MEADOWVIEW, Va. — Efforts are underway in Meadowview to ensure the Yesterday building has a future.

A fundraising campaign will raise money to restore the historic structure as efforts to revitalize the town square continue.

Meadowview First, a group of citizens committed to working toward the long-term, sustainable economic development of the Washington County community, will host Meadowview Days, a community gathering Saturday in the town square.

The event, from 9 a.m. to 4 p.m., will feature arts and crafts vendors, live music, a barbecue lunch and raffle prizes. New Meadowview T-shirts will be available for purchase.

Proceeds will be used to restore and repair the 100-year-old local landmark affectionately called the Yesterday building, which is next door to the Meadowview Health Clinic and Community Center. Those attending can tour the building during the event.

According to Susan Yates, a board member of Meadowview First, the renovation of the building may require as much as $50,000, and may take years to complete. The project will be conducted in phases as money becomes available.

A GoFundMe page has been established online at www.gofundme.com/meadowview-first-yesterday-building to help raise funds. Donations are tax-deductible.

“Little by little, Meadowview First Inc. has been working to restore the character of the downtown to what it was in years past. This is another step in that process,” said Jim Wallace, chairman of the 501(c)(3) nonprofit.

The building will require a new HVAC system, water and sewer hookup and upgraded electricity, and it will be made accessible to those with disabilities. The original hardwood floor will be restored while retaining the historic appearance of the landmark.

“It’s a lot of work to a little building, but it’s got a lot of history and charm,” Yates said. “It’s a real fixture on the square. We want to keep the architectural accuracy to the building.”

Members of Meadowview First plan to rent or sell the building for office or commercial space once renovations are complete.

“Our mission is to increase foot traffic in town and help the downtown become more sustainable,” Yates said.

“Some people may think that’s a lot of money to spend on that little building, but there’s other value in it.

“The main point of bringing the event to town is to allow our neighbors to fellowship with each other and to focus more attention on Meadowview First and what we’re trying to accomplish,” she said.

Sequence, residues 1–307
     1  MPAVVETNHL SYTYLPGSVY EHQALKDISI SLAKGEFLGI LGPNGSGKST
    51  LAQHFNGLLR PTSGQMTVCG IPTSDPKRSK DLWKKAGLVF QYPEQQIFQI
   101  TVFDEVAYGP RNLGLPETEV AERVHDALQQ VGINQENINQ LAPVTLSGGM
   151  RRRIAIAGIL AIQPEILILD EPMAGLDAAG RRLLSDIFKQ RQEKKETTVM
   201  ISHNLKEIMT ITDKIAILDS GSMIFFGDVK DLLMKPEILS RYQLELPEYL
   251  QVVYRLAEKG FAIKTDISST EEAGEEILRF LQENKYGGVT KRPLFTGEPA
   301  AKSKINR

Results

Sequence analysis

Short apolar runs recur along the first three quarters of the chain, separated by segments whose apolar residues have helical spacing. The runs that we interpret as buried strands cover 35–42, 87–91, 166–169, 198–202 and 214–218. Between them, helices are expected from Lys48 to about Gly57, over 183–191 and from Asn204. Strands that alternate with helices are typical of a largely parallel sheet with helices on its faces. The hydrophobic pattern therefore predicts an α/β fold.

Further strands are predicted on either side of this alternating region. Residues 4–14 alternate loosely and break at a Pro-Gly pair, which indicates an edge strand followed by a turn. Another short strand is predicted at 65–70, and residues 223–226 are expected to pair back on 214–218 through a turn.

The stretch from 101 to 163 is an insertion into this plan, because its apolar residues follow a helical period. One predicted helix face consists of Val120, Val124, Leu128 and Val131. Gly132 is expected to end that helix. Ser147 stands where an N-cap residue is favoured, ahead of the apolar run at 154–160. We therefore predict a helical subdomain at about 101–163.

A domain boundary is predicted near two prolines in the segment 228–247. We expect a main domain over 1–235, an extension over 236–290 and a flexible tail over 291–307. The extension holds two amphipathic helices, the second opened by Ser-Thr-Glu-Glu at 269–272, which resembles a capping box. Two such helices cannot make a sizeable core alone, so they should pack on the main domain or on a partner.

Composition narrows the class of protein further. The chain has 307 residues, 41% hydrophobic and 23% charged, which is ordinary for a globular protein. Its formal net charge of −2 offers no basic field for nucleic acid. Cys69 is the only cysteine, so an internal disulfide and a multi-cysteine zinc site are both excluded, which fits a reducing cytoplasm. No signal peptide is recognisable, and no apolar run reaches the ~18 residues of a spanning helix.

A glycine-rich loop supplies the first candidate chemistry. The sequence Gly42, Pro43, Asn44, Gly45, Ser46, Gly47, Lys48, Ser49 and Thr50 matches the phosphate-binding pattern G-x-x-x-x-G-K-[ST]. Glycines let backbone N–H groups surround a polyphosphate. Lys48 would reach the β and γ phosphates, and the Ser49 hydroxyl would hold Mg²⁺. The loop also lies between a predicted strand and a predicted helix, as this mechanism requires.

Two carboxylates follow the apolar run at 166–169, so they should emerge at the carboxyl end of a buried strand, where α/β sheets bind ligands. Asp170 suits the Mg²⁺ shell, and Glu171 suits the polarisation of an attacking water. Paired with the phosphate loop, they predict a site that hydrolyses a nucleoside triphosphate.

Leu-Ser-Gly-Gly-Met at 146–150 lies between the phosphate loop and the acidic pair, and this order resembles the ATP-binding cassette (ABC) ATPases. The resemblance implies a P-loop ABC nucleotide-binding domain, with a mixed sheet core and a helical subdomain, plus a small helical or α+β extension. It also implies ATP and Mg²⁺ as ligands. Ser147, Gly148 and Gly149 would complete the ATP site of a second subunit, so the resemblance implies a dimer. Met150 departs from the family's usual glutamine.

“We want to bring the community together for a fun day on the square.”

For decades, the Meadowview Civic Club hosted an apple butter festival until the event ran out of steam and was no longer offered. Yates said Meadowview Days was organized after community members asked for the festival to reopen.

The tagline for the event is “Come back to Meadowview.”

Booth spaces for vendors selling arts, craft, collectibles and yard sale items are $10 each. Spaces are designated by existing painted parking lines.

A barbecue lunch prepared by Harvest Table Restaurant will be sold in the square from 11 a.m. to 3 p.m.

Music will be provided at 11 a.m. by David and Ann Ledgerwood. Tammy Martin and Teddy Hilton, members of Fire in the Kitchen, will perform at 12:30 p.m., followed by Joyful Noise at 2 p.m.

Raffle tickets will be sold for $5 each during the event. Meadowview First will have an information booth where tickets can be purchased.

Raffle prizes will include movie night and back-to-school gift baskets, framed artwork from Holston Furniture, two photo session packages from Hill Photography Services and a number of gift cards, including from Food City, Food Country, Harvest Table Restaurant and Emory Mercantile. Ticket-holders do not have to be present to win.

The Yesterday building has a long and sentimental history.

According to a written history provided by Yates, the building has served multiple uses throughout the past 100 years, including a dress shop and the post office for Meadowview. In 1922, two first cousins, E.E. Maiden and H.B. Maiden Sr., began a formal partnership of local merchandising.

The building still holds the iron postmaster window and wooden mailboxes that were used many decades ago when it was a post office. It is currently being used for storage by a local merchant.

The building was purchased by Meadowview First in 2017.

The organization was instrumental in establishing the Meadowview Health Clinic and Community Center and restoring the historic Norfolk & Western train depot in the town square.

In addition to restoration efforts for the Yesterday building, the organization’s current projects include the establishment of the Thomas E. Merrihue Diabetic Education and Prevention Center of Southwest Virginia in partnership with Southwest Virginia Community Health Systems.

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Carolyn R. Wilson is a freelance writer in Glade Spring, Virginia. Contact her at citydesk@bristolnews.com.

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